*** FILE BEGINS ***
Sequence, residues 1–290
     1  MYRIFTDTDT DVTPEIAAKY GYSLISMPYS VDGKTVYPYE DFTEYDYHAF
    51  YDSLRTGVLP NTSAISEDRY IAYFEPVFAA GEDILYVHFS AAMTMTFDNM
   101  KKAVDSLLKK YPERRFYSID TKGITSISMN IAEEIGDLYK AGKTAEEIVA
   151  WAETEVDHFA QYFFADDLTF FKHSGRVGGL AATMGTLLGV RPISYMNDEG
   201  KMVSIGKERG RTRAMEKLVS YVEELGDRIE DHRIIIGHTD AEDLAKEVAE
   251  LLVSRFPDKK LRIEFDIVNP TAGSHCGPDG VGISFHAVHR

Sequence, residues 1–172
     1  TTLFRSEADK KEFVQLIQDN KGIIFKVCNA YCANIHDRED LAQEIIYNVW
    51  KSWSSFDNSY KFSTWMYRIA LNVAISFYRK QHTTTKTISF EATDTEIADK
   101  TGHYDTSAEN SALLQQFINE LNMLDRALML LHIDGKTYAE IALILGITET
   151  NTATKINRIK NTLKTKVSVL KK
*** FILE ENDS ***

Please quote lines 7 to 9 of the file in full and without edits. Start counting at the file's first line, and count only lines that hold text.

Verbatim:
   251  LLVSRFPDKK LRIEFDIVNP TAGSHCGPDG VGISFHAVHR

Sequence, residues 1–172
     1  TTLFRSEADK KEFVQLIQDN KGIIFKVCNA YCANIHDRED LAQEIIYNVW